KUCHING, Oct 3: A retired teacher from Kuching is experiencing mental anguish as she had just lost RM188,000 of her life’s savings.
An administrative assistant from Sri Aman is also going through the same ordeal after losing RM32,000.
An association secretary from Kuching lost RM15,800, too.
All of these three cases have one common theme — they were scammed.
The first victim was convinced into believing that she is involved in money laundering. The second victim was led into believing she was involved in a 1Malaysia People’s Aid (BR1M)-related crime, while the third victim was tricked into thinking he was involved in money laundering and drug activities.
These three cases, with total losses amounting to RM235,800, were among the eight reports lodged with the state police commercial crime unit here as of yesterday.
Pending assemblywoman Violet Yong, who said she feel for these victims, lamented that phone scams are increasingly rampant these days, with many people falling victim.
Every few months, these phone con artists would re-try their tactics to cheat people; hence, the public must be on the alert at all times.
“In most cases, the callers would claim they are from Bank Negara Malaysia (BNM) and even uses scare tactics to compel their victims to make payments for summonses or debts that do not exist,” Yong told a press conference here today.
A common tactic goes like this: the caller intimidates the victims with threats that their loans or credit cards were past due dates and must be settled immediately. The scammers would then claim that a hold had been placed on their accounts but that it would be fixed if sensitive and personal information were provided.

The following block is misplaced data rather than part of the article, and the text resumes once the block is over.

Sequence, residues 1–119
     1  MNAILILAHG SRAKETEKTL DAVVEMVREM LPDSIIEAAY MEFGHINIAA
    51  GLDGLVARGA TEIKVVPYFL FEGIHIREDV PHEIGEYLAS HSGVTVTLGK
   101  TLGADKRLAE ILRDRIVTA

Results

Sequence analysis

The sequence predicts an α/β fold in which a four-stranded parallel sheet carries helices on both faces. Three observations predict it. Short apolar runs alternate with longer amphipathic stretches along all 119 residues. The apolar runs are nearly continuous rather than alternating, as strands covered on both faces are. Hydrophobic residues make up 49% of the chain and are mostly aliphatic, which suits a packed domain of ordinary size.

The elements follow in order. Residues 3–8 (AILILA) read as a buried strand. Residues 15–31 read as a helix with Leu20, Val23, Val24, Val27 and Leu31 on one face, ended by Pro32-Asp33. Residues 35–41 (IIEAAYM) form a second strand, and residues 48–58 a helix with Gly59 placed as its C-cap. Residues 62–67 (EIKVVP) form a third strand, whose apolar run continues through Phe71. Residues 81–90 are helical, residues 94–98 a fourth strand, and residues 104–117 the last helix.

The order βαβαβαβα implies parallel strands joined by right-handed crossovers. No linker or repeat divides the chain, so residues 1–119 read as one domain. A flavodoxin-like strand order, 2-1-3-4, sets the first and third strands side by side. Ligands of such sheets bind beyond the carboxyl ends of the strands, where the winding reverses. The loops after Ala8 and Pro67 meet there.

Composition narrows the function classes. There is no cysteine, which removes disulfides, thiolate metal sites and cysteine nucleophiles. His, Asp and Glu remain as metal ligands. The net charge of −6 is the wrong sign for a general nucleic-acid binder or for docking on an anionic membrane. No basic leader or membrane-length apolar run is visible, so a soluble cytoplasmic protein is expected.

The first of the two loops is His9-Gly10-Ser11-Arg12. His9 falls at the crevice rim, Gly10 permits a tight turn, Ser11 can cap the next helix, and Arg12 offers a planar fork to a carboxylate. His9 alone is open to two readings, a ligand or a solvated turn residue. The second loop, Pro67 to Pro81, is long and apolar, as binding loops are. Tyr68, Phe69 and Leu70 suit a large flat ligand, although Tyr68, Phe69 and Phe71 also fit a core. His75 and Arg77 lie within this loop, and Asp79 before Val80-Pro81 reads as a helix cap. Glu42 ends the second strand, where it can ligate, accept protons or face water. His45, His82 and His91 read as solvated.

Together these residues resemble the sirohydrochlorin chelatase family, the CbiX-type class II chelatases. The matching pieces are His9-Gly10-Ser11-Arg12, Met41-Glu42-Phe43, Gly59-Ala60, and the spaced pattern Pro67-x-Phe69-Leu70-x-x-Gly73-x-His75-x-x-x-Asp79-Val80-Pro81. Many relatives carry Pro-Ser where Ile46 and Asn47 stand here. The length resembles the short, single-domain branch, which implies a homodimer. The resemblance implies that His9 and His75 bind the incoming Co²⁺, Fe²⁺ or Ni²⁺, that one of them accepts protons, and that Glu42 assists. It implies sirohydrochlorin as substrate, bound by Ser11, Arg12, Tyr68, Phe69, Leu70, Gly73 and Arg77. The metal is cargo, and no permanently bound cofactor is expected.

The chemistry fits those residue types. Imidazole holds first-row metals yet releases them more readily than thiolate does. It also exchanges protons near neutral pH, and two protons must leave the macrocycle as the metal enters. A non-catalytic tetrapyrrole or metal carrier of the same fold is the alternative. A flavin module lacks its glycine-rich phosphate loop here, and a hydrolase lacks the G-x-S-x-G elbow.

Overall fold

In cautioning the public to never reveal their identity or personal information to strangers, Yong emphasised that BNM and banks would never use telephone calls to rectify discrepancies.
“Whatever so-called mistakes in any bank account has to be solved over the counter,” she stressed.
In fact, she added, BNM had been reminding members of the public that they would never request for financial or personal information, never ask anyone to transfer money to third party account, and never keep the public’s money in any account.
“So, please be careful and take precautionary measures,” said Yong, adding that the public could always call BNM at its toll free number 1-300-885465 to check.
Yong also noted that some scammers would make claims that their victims had won some sort of lottery. This is to prey on the opportunistic feelings of their victims.
In advising the public not to suffer in silence, Yong said, “If you get one of these calls and happened to reveal your personal information, report it to the authorities immediately or call me.” — DayakDaily